Is it probable that the use of information technology (IT) will eventually eliminate the audit trail, making it impossible to trace individual transactions from their origin to the summary total in the financial statements? Explain. How do the American Institute of Certified Public Accountants (AICPA) and the Public Company Accounting Oversight Board (PCAOB) want the auditor to address controls in the light of the previous statement?
What is generalized audit software? What are the tasks for which an auditor would use it? What are the advantages and disadvantages of using generalized audit software? Will this software be more appropriate for auditing your organization's computer information system, or would it be necessary to develop customized audit software? Explain.
What is needed for an auditor to understand clients' business processes and accounting systems? What type of computer information system is used at your employer's organization? What controls are present in the system at your organization? Are the general controls that should exist in computer information systems present in the system used by your organization? What are the application controls that exist in the system?
Whether the use of information technology will eventually eliminate the audit trail:
Information technology will normally convert traditional paper trail to an electronic audit trail thereby eliminating paper based journals and source documents and records. This makes an audit trail less visible and may make it impossible to trace individual transactions from their origin to the summary total on the financial statements due to the eliminations of the of the original source documents and the elimination of paper based journals and records (Coderro, 2009).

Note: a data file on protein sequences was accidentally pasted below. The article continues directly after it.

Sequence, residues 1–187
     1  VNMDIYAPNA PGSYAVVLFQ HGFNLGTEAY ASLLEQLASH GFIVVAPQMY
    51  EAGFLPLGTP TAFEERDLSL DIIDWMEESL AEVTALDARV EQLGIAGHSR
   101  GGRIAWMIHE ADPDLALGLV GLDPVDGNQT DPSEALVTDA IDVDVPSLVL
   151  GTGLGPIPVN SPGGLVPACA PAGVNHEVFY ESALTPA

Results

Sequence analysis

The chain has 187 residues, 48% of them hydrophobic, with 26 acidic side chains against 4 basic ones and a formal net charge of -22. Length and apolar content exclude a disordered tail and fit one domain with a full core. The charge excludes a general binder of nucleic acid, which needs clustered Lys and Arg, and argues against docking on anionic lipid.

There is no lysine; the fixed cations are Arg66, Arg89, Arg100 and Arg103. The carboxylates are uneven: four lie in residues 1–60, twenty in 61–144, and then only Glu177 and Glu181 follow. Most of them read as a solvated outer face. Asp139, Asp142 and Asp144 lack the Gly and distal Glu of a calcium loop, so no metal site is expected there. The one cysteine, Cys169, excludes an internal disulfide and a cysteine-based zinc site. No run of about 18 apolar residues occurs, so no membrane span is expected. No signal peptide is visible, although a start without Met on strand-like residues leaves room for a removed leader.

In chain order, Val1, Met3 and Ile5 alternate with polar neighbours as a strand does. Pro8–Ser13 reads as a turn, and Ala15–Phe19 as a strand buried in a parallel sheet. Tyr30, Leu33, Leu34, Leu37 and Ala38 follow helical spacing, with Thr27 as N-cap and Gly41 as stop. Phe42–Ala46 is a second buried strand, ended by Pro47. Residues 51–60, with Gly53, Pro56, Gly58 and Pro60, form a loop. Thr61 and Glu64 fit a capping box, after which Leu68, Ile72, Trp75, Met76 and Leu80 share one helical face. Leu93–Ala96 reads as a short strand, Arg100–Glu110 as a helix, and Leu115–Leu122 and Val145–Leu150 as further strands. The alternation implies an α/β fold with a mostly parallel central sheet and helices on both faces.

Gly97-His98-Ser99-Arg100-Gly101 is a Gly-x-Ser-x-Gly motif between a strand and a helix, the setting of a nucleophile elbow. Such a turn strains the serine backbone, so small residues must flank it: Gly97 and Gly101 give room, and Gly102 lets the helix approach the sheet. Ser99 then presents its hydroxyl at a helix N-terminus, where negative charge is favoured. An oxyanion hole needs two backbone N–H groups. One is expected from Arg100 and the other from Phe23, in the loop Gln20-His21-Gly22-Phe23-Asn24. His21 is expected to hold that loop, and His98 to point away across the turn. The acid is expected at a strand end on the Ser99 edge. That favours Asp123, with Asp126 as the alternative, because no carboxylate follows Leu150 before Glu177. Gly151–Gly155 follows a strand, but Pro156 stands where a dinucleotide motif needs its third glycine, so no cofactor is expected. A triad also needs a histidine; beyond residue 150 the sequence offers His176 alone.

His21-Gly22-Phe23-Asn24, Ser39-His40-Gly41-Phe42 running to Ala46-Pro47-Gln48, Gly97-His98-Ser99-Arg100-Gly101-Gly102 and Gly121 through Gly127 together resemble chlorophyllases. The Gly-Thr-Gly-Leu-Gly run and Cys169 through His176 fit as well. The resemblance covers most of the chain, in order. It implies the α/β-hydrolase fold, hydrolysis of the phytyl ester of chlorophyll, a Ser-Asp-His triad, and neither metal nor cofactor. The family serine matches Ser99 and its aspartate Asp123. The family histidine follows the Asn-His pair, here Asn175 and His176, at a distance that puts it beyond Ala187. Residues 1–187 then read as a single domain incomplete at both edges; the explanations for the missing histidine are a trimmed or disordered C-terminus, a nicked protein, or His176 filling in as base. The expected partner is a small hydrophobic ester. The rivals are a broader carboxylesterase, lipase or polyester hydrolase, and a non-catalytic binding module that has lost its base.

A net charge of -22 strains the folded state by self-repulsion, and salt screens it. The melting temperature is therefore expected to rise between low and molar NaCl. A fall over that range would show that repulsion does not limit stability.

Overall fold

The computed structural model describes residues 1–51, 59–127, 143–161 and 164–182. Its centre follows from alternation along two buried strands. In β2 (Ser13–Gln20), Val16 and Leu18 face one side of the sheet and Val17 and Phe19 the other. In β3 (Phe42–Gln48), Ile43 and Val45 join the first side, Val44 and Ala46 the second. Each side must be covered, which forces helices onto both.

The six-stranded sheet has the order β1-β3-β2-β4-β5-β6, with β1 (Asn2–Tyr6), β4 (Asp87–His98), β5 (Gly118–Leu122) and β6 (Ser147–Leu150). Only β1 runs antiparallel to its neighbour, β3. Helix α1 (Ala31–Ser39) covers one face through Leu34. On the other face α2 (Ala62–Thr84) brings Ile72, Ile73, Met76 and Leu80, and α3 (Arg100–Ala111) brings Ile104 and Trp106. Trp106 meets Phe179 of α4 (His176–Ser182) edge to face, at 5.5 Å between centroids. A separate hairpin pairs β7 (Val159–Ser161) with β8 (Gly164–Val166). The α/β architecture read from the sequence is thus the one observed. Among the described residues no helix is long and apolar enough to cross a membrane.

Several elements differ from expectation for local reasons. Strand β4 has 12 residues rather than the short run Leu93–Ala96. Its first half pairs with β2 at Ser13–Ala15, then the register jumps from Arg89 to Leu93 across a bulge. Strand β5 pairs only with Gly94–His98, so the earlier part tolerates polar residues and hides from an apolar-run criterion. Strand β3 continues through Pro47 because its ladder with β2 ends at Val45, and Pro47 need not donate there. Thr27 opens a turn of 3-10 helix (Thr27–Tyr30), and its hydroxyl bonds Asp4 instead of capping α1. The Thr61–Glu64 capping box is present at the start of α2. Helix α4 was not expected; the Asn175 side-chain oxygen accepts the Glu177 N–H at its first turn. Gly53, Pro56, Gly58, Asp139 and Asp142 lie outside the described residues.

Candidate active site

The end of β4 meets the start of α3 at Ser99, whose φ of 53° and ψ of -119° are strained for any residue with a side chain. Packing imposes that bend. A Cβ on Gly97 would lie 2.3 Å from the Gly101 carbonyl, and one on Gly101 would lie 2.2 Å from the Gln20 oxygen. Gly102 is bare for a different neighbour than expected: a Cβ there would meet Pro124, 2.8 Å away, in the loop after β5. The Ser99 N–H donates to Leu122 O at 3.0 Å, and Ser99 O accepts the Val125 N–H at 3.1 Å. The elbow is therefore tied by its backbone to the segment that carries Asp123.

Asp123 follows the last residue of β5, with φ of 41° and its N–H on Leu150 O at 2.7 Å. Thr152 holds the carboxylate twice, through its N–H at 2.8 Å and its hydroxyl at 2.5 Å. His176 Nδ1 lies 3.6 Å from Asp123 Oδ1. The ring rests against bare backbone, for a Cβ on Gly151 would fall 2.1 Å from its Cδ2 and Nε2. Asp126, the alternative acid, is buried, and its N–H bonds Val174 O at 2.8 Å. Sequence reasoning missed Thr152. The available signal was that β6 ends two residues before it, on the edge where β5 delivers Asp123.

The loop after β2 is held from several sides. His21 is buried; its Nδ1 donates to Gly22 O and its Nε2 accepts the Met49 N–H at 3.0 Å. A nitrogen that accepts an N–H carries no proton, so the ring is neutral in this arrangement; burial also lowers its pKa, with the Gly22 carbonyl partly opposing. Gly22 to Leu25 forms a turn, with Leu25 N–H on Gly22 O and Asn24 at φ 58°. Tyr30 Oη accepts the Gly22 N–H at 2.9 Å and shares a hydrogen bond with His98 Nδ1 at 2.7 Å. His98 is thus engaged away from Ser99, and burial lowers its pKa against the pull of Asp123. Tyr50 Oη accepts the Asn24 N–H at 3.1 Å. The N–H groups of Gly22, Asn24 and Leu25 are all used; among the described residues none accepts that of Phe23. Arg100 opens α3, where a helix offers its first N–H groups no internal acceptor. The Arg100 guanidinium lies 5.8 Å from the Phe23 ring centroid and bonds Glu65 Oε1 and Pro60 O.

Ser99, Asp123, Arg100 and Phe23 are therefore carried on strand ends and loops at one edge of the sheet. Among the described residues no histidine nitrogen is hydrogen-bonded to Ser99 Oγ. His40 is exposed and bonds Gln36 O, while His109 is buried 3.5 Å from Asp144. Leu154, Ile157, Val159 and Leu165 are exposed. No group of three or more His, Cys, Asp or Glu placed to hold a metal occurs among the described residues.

The audit trail usually represents the accumulation of various sequence source documents that validates or invalidates the entries in financial and accounting statements (Clubindia, 2011). These often serve as support for the transactions that have taken place during the accounting period. The use of information Technology can change the audit trail by converting most of the paper based source documents into electronic files that cannot be visually observed. This is especially since paper work has not been completely eliminated from the system. Since most of the transactions are entered directly into the computer system as they occur, some of the original transactional documents may be eliminated and this can cause problems during an audit trail (Clubindia, 2011).
However, IT has also made it easy to track audit trails that originate from the system. With business increasingly going online, audit trails can be used to record the activities of the customer in ecommerce. The initial contact, actions, payment and delivery of products or services are recorded entirely electronically making it audit trail easy (Coderro, 2009).
Though a mixing of paper work and electronic documents can cause a bit of a problem in audit trails, generally information technology will not eventually eliminate audit trails. It will instead enhance it making it faster and efficient. With the continuous development of accounting software, audit trails are made part and parcel of the software and as more and more transactions are going online with soft copies of documents and records issued for transactions, audit trail is set to be faster and easier and can also be used to fight cyber crime and quickly detect fraud cases in a company thereby help in eliminating fraud cases (Coderro, 2009).
How the AICPA and the PCAOB want the auditor to address controls in the light of this technological shift.
Current discussions of the Public Company Accounting Oversight Board (PCAOB) ...
The solution answers all the questions regarding auditing including PCAOB audit trail, software and general controls for IT with 1426 words in total and 8 references.